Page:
If hospitalized with severe mania may also use antipsychotic for a short time
Lithium Carbonate --> naturally occurring metallic salt. Prototype mood stabilizer
Thought to affect electrical conductivity and thus stabilize mood. Also effects the "G Proteins" which are regulatory protein, thereby slowing cell activity
Li therapy alone can reverse mild to moderate manic symptoms in 1-3 hours
Describe Lithium toxicity
and S/S for each stage
Theraputic level (0.5-1.5) --> Mild hand tremors, mild thirst, nausea, weight gain, acne
Early signs of toxicity (<1.5) --> nausea, vomiting, diarrhea, polyuria, slurred speech, muscle weakness
Advanced toxicity (2.0-2.5) --> Course hand tremors, confusion, EEG changes, lack of coordination
Severe toxicity (>2.5) --> Ataxia, stupor, blurred vision, tinnitus, large output of dilute urine, severe hypotension, seizures, coma, death R/T pulmonary complications
Cardiac arrhythmia, peripheral circulatory collapse, proteinuria, oliguria, death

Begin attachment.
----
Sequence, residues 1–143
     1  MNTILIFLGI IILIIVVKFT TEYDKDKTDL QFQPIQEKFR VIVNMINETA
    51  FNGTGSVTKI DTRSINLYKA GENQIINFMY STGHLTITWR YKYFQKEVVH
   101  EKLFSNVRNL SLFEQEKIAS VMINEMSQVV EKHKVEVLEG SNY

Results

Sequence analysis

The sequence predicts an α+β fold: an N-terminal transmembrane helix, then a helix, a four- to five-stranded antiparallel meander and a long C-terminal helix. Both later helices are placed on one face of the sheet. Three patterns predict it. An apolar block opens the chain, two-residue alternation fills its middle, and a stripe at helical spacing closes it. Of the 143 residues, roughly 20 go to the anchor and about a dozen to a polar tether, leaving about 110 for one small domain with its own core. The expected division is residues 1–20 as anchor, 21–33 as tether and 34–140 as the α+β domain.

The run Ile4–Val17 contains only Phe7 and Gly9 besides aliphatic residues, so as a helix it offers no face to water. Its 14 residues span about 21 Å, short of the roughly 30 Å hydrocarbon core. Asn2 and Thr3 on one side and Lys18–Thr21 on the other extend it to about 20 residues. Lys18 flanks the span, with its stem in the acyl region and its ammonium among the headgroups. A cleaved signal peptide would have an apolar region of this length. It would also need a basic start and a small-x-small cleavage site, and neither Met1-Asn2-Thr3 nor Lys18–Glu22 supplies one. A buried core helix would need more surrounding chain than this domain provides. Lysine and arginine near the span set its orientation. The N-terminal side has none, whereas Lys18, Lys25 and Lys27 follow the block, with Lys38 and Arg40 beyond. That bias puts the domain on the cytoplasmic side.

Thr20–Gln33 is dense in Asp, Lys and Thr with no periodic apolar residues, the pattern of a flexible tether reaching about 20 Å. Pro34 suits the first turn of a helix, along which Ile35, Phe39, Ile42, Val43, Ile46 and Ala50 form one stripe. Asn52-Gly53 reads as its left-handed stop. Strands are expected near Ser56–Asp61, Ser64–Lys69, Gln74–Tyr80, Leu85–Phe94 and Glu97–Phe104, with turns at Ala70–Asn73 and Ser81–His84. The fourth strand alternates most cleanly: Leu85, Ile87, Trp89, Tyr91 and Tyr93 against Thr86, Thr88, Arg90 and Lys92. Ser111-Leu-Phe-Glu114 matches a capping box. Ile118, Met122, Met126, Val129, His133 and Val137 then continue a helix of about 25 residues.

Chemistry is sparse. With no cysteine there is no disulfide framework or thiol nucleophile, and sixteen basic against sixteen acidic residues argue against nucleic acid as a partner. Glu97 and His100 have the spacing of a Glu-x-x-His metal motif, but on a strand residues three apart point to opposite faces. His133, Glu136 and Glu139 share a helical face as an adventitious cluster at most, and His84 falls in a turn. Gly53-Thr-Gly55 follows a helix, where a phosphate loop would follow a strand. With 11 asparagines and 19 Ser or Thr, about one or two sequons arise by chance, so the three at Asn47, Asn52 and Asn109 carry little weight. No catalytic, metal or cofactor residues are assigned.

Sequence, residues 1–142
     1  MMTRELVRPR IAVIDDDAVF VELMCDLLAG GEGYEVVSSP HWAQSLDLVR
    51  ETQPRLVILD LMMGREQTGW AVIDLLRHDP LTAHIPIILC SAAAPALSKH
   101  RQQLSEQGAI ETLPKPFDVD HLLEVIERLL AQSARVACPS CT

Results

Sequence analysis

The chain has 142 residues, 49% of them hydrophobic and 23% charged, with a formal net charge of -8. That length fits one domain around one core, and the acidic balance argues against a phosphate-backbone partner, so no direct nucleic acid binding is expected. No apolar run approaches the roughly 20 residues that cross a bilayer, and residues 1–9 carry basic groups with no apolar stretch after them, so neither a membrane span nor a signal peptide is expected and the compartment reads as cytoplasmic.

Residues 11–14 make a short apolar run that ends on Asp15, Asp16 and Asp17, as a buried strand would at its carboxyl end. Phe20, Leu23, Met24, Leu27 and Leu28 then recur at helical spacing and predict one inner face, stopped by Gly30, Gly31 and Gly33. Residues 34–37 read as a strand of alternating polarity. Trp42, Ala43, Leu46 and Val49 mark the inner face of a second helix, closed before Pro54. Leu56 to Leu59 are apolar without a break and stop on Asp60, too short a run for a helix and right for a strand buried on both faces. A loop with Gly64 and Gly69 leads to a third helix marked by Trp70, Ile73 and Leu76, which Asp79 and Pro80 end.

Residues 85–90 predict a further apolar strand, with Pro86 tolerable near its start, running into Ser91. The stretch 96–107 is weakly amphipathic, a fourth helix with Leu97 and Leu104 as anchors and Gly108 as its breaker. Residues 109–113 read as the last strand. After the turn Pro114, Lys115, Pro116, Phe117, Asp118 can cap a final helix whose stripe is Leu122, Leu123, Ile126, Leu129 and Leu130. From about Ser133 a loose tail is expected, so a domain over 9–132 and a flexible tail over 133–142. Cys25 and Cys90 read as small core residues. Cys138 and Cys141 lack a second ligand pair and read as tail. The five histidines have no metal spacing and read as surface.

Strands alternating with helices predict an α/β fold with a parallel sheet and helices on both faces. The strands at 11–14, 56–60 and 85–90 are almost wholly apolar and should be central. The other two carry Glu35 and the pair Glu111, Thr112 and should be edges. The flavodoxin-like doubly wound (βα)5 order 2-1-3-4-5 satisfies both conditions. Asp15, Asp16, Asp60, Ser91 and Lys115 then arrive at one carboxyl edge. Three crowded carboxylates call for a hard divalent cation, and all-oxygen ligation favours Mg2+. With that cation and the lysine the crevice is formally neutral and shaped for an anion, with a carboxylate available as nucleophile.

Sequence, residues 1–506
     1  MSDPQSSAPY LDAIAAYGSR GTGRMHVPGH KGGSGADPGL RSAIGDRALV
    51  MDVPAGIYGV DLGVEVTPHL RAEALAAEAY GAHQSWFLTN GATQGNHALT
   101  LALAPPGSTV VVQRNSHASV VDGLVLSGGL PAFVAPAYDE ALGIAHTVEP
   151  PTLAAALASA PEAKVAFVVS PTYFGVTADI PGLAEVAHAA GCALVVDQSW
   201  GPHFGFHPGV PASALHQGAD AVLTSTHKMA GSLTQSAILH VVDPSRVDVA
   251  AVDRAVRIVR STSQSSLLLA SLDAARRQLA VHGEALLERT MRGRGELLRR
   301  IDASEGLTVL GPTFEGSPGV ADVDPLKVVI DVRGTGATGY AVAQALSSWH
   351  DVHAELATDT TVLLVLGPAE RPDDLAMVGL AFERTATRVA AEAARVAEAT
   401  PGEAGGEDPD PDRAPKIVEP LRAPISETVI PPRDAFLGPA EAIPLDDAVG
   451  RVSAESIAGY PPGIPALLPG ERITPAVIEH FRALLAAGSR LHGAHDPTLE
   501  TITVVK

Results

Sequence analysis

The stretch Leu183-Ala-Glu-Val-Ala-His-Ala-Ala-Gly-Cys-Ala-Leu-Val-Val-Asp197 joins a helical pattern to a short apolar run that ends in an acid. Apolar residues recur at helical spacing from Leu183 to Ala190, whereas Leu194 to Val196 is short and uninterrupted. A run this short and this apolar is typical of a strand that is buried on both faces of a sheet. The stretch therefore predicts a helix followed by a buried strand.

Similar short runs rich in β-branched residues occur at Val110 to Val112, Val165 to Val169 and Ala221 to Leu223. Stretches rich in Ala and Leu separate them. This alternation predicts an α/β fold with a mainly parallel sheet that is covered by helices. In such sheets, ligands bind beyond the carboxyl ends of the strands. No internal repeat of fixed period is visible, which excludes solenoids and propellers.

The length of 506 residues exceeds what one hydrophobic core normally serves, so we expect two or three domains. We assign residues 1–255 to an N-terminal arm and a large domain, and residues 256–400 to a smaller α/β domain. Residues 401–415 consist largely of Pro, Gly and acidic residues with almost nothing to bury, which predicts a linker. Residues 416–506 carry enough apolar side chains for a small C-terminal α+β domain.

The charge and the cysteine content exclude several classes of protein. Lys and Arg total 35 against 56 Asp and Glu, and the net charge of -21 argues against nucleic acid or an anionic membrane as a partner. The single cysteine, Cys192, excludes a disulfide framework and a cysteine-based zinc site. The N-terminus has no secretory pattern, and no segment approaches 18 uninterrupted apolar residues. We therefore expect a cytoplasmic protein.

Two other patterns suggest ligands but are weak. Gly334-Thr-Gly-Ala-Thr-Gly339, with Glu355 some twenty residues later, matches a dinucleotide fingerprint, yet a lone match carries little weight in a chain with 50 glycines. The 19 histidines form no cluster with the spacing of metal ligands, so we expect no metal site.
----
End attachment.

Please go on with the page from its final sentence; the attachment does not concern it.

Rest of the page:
What are some fluid and dietary considerations for Lithium?
- Normal Na+
- Drink 2-3L of water daily
What possible complications are there with Lithium due to the risk associated with electrical currents?
- Cardiac contractions
- Tremors or more extreme motor dysfunction
What disturbances in fluid balance are possible with Lithium?
- Risk of kidney and thyroid disease with long term use
How long does it take Lithium to reach therapeutic levels in the blood?
7 - 14 days
What is the maintenance level for lithium in the blood?
What is the initial treatment for acute mania while Lithium takes effect?
(and side effects/adverse effects also)
- Slow speech
- Inhibit aggression
- Decrease psychomotor activity
- Antisychotic or benzodiazepine to prevent
- Coronary collapse
What are contraindications for Lithium?